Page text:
13 May, 2008

Beijing to Inner Mongolia - 10th May

Beijing to near Datong.
Time to move on afer 2 days in Beijing running around obtaining a Mongolian visa and seeing a few of the Peking sites and sounds. This first photo is a picture of the inside of the courtyard of my Beijing lodging - they were most gracious to allow me to park the Haobon inside.






I left Beijing on Saturday (10 May) and rode to Huai'an (400km). I rode out of Beijing at 8am making sure I kept well outside of the 2nd ring road, found the expressway and had a great 70km run to Badaling (bikes are allowed on the expressway) and then did a 2 hour Great Wall walk before heading out to North West. The Great Wall truly is a stunning work of architecture and pictures do not do it justice, especially the first sightings from the expressway after you round a bend. Riding a bike meant I was also able to park it right close up next the wall itself.






Of course, being a non-local, you are besieged by many local girls to have their photos taken with you - twice I even had men ask me for a photo of myself and their wife/girlfriend together.


Once I got close to Badaling the weather changed dramatically (altitude was 1,000+ metres) and it was a VERY cool ride for the rest of the day (little did I know what was to come). It was a good run on decent roads, until after around 150km I came upon this massive 15-20km long roadblock where police were stopping all Beijing bound trucks for checks.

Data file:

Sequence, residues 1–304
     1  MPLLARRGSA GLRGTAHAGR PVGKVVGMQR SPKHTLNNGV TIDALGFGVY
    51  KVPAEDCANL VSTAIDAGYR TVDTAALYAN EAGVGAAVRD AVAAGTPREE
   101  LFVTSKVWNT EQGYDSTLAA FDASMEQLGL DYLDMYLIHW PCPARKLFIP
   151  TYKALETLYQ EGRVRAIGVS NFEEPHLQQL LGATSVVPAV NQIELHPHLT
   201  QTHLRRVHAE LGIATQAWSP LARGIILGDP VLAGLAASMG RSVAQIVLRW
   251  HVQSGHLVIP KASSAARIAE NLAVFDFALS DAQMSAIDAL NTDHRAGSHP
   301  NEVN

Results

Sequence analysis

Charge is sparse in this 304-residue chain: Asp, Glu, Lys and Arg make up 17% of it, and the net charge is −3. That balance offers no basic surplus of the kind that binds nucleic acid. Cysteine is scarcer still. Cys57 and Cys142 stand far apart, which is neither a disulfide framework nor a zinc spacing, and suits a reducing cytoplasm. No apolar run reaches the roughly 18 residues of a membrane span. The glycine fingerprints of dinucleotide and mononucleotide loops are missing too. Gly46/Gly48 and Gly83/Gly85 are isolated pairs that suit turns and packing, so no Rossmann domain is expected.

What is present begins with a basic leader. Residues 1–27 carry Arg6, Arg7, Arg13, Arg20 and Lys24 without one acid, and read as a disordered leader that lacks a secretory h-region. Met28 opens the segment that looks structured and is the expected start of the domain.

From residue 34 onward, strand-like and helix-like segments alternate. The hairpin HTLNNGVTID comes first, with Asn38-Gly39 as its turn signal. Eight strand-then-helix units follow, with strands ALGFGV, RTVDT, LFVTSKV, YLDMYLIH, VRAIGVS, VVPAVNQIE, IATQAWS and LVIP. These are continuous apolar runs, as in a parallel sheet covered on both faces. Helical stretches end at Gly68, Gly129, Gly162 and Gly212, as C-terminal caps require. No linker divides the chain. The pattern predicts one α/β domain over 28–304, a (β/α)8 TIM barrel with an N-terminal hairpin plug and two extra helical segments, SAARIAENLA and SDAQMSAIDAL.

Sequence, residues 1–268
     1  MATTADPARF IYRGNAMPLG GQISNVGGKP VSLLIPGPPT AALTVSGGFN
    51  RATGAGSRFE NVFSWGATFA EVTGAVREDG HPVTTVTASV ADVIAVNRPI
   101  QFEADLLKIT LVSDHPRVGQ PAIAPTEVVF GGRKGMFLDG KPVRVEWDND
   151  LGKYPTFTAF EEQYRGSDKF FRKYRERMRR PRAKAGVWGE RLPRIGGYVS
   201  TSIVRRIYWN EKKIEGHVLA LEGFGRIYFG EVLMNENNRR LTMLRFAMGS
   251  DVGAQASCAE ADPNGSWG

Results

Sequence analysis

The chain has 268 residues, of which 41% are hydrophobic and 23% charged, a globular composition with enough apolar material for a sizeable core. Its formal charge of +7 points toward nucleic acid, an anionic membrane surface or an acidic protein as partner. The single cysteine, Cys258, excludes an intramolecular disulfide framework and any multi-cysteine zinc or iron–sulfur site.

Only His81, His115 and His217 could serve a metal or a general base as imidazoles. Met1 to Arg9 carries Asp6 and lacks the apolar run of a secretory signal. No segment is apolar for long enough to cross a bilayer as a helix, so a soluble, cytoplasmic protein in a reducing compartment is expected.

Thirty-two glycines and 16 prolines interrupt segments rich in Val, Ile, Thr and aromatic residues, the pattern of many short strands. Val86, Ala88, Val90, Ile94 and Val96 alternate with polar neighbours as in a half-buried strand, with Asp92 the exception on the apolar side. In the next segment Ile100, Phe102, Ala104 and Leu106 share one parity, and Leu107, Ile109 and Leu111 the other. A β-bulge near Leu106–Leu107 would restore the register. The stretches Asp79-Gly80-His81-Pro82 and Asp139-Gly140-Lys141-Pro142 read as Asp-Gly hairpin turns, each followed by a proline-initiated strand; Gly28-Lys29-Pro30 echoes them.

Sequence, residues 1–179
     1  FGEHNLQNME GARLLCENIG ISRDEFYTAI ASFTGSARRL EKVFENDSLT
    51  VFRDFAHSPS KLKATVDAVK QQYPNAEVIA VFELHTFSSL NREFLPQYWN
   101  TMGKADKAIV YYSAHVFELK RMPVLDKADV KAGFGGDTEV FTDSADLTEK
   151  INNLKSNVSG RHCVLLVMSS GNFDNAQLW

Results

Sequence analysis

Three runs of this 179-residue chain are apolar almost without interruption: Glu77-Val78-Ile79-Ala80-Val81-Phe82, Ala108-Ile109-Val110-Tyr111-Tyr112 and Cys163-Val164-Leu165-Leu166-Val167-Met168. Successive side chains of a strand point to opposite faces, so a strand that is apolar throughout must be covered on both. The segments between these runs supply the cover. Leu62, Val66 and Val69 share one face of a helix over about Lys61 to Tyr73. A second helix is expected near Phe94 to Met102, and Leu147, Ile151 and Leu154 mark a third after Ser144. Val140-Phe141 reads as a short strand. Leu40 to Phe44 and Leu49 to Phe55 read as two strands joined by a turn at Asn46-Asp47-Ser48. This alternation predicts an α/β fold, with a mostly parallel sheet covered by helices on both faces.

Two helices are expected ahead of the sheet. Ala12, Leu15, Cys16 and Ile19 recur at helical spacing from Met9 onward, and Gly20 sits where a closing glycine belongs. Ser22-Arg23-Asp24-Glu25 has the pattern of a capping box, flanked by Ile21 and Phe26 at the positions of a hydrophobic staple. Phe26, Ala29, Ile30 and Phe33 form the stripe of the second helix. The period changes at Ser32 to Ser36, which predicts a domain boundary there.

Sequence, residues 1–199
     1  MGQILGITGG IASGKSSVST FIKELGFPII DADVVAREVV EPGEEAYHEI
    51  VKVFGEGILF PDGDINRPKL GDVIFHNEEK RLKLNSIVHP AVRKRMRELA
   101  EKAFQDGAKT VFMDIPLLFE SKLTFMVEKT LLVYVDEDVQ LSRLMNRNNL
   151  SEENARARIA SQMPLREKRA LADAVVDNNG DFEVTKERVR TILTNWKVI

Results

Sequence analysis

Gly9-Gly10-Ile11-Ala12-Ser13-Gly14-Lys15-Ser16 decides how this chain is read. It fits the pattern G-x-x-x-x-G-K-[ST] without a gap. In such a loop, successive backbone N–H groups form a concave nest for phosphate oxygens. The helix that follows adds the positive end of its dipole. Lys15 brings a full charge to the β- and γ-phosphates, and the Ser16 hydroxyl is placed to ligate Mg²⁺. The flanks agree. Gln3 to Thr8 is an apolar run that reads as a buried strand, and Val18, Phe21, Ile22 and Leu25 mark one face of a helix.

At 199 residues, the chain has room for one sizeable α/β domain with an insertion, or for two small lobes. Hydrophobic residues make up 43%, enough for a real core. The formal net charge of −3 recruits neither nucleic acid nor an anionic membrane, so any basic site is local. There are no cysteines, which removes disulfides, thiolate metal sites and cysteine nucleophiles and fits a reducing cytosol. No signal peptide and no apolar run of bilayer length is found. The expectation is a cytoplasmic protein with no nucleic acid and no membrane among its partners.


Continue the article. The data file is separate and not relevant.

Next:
As a result, all the inbound trucks just parked themselves in both lanes blocking all traffic in either direction (of course they managed to turn a two lane road into 3+ lanes of stuck trucks so it was absolute chaos). I managed to thread the bike through this mess by riding along either the edge of the road, through lanes of trucks no more than 80cm wide or by taking short cuts through fields as the need arose). This happened at least 3 more time that day.




During one major logjam I pulled offroad and found a Jialing dealer who replaced and installed the rubber cush drive hub for the Haobon, oiled the chain, tightened a couple of loose boats and sold me two new bungy straps all for 20 yuan ($2.50). The Haobon rides much more nicely again now.

The dealer also sold many "3 wheeled motorcycle trucks", which are a very common form of transportation locally.
Interestingly, as one expects, the architecture of the buildings change as you move around China but I didn't expect to see this massive christian church in China, which has echoes of Russian orthodox churches about it.


Apart for the weather, and the trucks, the other challenge for the day was navigation. Basically I was supposed to be taking the G110 North but signposting was almost non-existent. I tried to use the GPS (which showed the G110 as the right route but the road didn't exist where the GPS said it was) and this only served to confuse me more. I managed to get myself on the wrong road three times by following the GPS instead of my instinct. After almost ending up in Datong for the night I pulled in around 8pm to the only hotel I could find and paid my highest sum yet for a night's accommodation (160 yuan or a little over $20) right on the border of Heibe and Inner Mongolia.


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